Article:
Sounds too generic? Or too much theory?
How about this?
You are rushing to work. You are in deep thought of the coming board meeting as you rushed to your office. As you reached your office, you wondered did you locked your car? It feels like you have but there is a doubt. To be safe, you took the lift down to check on your car. It’s locked.
This is what mindfulness practice, or rather the lack of it is all about. While you are physically parking your car, your thoughts are somewhere else.
If you are mindful, then you will be aware when your mind goes into negative states. If you are not mindful, you are submerged in the negative thoughts. But if you are practicing mindfulness, you are merely observing the negative thoughts without stepping into it. This gives the negative thoughts no power over you.
I know this is a difficult concept to grasp if you have not practiced mindfulness before. When you are aware of your thoughts or feeling, say anger. You would notice when it was triggered. But you are not holding on to it (You do not get angry). And you have a choice of not reacting to it. Read my post How To Let Go Of Anger here.
While I’m usually quite capable of explaining a concept with examples and analogy, I feel that mindfulness is best experienced and learned by direct practice.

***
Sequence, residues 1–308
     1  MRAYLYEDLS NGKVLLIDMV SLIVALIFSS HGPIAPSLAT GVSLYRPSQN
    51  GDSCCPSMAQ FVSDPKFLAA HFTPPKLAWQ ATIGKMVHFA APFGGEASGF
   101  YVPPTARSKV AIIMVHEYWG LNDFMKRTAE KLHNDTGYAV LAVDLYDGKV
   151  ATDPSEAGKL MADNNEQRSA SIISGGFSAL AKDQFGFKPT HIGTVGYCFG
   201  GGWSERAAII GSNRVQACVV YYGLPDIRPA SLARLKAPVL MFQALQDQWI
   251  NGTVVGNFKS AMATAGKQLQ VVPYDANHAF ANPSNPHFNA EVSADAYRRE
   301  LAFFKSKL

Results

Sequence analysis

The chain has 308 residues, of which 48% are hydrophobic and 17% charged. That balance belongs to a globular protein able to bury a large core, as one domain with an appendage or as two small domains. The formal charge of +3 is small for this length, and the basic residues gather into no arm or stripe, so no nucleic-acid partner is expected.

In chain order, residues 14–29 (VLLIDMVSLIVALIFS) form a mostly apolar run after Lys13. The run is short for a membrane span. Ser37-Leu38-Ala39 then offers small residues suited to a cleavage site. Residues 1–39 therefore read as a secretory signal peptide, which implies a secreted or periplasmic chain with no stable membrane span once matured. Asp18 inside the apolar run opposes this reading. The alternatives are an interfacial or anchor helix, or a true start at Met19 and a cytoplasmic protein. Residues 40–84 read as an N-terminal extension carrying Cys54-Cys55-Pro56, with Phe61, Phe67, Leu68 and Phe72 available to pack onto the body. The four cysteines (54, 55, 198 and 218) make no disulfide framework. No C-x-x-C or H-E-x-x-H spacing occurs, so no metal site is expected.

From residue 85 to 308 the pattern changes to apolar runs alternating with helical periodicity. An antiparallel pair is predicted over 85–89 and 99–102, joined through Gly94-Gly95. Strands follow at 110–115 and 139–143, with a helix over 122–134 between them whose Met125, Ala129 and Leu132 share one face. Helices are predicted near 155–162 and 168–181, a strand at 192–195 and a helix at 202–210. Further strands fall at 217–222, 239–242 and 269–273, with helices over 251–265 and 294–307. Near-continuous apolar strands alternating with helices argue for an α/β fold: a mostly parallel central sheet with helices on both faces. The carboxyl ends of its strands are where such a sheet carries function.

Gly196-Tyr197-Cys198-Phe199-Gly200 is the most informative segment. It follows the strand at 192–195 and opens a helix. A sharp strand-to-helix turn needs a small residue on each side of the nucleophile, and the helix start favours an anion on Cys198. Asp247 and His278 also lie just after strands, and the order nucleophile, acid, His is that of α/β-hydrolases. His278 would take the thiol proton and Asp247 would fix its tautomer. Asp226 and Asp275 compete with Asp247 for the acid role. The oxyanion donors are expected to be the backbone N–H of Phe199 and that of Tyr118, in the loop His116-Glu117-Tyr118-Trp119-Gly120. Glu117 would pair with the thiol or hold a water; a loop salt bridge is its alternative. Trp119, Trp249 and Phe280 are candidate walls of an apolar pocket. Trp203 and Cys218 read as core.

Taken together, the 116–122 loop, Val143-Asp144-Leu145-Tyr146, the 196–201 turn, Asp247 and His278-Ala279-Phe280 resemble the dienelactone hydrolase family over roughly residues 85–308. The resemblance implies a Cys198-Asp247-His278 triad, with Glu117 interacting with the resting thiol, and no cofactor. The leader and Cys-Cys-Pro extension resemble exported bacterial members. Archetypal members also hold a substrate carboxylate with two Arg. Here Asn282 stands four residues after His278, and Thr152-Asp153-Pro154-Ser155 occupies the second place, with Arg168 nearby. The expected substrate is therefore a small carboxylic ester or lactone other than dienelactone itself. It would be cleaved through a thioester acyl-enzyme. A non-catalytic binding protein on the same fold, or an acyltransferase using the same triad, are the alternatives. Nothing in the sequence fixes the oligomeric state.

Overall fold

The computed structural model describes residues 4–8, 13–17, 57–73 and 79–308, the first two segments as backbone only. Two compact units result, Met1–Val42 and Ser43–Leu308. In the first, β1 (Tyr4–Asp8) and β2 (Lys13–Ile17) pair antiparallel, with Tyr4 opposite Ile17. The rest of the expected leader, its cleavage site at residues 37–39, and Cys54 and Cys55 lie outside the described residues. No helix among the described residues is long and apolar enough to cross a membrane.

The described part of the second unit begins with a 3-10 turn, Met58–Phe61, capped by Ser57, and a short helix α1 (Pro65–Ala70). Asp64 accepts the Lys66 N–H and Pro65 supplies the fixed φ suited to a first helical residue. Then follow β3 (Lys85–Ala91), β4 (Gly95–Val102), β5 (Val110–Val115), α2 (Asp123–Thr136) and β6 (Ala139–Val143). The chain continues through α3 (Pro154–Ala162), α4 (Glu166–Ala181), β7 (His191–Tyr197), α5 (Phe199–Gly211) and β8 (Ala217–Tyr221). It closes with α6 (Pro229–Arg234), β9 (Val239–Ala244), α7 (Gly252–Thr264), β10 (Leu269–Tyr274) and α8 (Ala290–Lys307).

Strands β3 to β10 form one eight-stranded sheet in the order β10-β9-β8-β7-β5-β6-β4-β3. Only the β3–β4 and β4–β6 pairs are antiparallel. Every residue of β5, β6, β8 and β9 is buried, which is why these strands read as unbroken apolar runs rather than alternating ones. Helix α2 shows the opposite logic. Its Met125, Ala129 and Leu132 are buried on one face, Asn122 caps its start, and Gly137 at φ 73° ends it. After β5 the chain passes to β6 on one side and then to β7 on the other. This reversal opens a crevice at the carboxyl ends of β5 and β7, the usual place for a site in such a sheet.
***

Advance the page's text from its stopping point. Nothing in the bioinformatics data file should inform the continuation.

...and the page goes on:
I know the fast and easy way is to start google searching some article on mindfulness practice and start doing it in your daily life. But what’s more effective is to actually practice mindfulness meditation to bring awareness into your daily life.
That’s because, in a meditation session, you do nothing except training to be aware of your thoughts, feelings, and sensation. When you get used to ‘being aware‘, then it will be easier for you to assimilate mindfulness into your life. Think of it as a new lifestyle.
I started mindfulness meditation under a meditation guru when I was 17. But it’s a challenge to do so living in the cities. These days it’s easier with technology. If you are new to the concept of mindfulness and would like to try out a good meditation course, I recommend Master Your Mind, a 5 weeks meditation course by Giovanni Dienstmann, who has almost 7,000 hours meditation experience (that’s more than 16 years).